A Lesson from Peru: Quality Trumps Quantity in Country's Classrooms

July 2, 2013


Children walk around Plaza de Armas square in Lima downtown.


Dominic Chavez / World Bank

  • The World Bank and the Government of Peru sign an agreement to strengthen a basic education project.
  • The project will enable education to be evaluated properly throughout the country.
  • It has been demonstrated that the skills developed during school are crucial for an individual’s future success.

In school 40374 Elias Caceres Lozada, in rural Arequipa, 470 miles south of Lima, classrooms are full to capacity --a proud achievement for this rural school where 95% of children attend classes almost every day.

But their presence in a classroom is no guarantee kids are getting the education they need for their future development. Their parents don't know either, and have no way to measure how well teachers are doing.

It’s not a matter of quantity but of quality, say many students. “The government has to invest more in education, has to do more studies about the quality of our schools,” says Dante, a young Peruvian who made it to college.

To give all children the best chance in life, Peru is focusing on schooling, particularly at an early level. That’s the main idea of a basic education project President Ollanta Humala and World Bank Group President, Jim Yong Kim, formalized in Lima.

“Today, I think science and technology, training, and the intelligence and innovative capabilities of young Peruvians are our best bet. We have to give them opportunities,” said Humala at the signing ceremony.

The agreement will help implement an educational strategy benefiting six million students in 40,000 schools throughout the country.

It is in sync with Kim’s notion that quality education is every child’s right.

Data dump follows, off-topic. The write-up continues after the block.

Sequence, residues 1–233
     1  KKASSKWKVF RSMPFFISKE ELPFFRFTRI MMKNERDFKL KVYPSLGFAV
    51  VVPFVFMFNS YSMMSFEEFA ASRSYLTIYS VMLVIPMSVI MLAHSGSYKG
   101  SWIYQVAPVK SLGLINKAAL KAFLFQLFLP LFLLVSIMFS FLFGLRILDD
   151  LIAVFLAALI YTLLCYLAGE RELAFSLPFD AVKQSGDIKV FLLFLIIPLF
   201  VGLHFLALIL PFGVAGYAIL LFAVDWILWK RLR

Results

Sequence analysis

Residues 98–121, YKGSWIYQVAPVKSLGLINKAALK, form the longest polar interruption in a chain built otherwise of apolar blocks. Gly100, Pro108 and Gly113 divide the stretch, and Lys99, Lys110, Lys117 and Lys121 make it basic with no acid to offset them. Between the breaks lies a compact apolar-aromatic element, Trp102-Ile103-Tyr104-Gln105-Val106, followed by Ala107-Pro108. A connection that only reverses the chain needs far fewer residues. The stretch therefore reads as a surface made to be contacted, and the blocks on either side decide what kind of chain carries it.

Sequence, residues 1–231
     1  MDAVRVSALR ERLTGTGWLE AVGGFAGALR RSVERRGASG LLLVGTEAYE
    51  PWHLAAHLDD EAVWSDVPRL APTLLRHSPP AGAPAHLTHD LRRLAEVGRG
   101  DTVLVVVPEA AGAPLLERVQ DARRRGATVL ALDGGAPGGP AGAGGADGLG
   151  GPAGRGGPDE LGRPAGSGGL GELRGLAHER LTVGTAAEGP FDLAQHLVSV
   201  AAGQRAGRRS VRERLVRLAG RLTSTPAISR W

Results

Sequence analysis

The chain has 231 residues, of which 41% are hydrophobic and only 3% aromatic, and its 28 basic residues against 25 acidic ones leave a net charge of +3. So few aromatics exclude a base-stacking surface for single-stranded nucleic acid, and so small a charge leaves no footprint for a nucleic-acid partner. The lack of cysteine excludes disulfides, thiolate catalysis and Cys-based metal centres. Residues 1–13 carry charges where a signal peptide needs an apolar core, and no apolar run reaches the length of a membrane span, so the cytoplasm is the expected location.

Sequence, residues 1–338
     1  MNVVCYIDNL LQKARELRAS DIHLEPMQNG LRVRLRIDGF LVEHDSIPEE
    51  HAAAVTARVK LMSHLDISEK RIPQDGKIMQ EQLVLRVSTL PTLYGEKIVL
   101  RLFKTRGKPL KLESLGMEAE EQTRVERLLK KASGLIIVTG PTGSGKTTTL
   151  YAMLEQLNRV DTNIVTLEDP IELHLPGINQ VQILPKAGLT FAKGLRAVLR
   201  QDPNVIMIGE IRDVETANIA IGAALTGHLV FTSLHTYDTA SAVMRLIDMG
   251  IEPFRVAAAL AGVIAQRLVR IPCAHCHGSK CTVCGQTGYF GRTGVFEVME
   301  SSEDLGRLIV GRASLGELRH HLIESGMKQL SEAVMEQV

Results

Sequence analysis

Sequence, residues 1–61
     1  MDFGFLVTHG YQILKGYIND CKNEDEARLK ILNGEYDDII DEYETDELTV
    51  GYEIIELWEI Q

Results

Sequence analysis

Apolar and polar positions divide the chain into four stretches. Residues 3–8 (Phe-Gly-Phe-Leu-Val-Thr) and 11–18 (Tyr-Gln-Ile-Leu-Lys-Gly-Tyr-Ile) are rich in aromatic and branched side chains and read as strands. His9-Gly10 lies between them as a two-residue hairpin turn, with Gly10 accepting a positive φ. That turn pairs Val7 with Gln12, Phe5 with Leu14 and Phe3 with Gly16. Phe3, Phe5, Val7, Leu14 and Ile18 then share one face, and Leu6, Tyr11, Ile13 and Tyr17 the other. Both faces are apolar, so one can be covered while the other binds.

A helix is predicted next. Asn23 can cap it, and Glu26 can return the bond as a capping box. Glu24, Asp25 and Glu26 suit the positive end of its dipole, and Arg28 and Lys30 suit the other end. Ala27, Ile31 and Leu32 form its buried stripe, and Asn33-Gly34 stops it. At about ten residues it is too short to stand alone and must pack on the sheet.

“The document we just signed is emblematic and seeks to provide opportunities for all,” added Kim.

More skills to students

Indeed education opportunities need improving in Peru. The country ranked near the bottom of 65 countries in math, reading comprehension and science following a recent evaluation, by the Programme for International Student Assessment (PISA - 2009), which tested a national sample of 15-year-old students.

In 2011, the study "Strengthening skills and employability in Peru” determined that in addition to professional training, students also required other types of skills  to successfully enter the Peruvian labor market. These include socio-cultural ones, which are highly valued by employers.

" Today, I think science and technology, training, and the intelligence and innovative capabilities of young Peruvians are our best bet. We have to give them opportunities. "

Ollanta Humala

President of Peru

These skills are developed early on in life and through basic education –typically in the 12 years of pre-school, primary and secondary schooling.

"What you learn at school is useful throughout your life. Your skills and behaviors as an adult are not only greatly influenced by reading, but also by the laughter, frustrations and achievements you experience as a child,” says Gabriela Chumpitaz, Director of the Pinoteca Project, which received an award from the World Bank in 2009 for its educational activities created for children living in Cerro el Pino, a poor neighborhood in La Victoria District of Lima.

While pre-school enrolment has increased since 2008 (from 73% to 78%), other associated factors, such as nutrition or access to health, can affect child development. However, access to quality basic education is a key factor for achieving Peru’s further development.

Supporting early education

In Peru, developing human capital is crucial for achieving sustained economic growth.  A recent project supports this: the Strategic Learning Achievements Program will monitor and evaluate the reforms implemented to improve the quality of education and learning in the country.

Students’ progress will be measured through ongoing evaluations, which will focus on identifying the impact of the programs which have been implemented. These evaluations will also help determine which schools require more support and efficiently allocate resources to them. What's more, the program will contribute to closing the major education gaps, which still exist in the country today.

Finally, the program will also monitor teaching methods within the classroom and implement a system for the selection and training of school principals.

All of these activities will enable students to develop the different types of skills, both cognitive and socio-emotional, that are crucial for their future success in the labor market.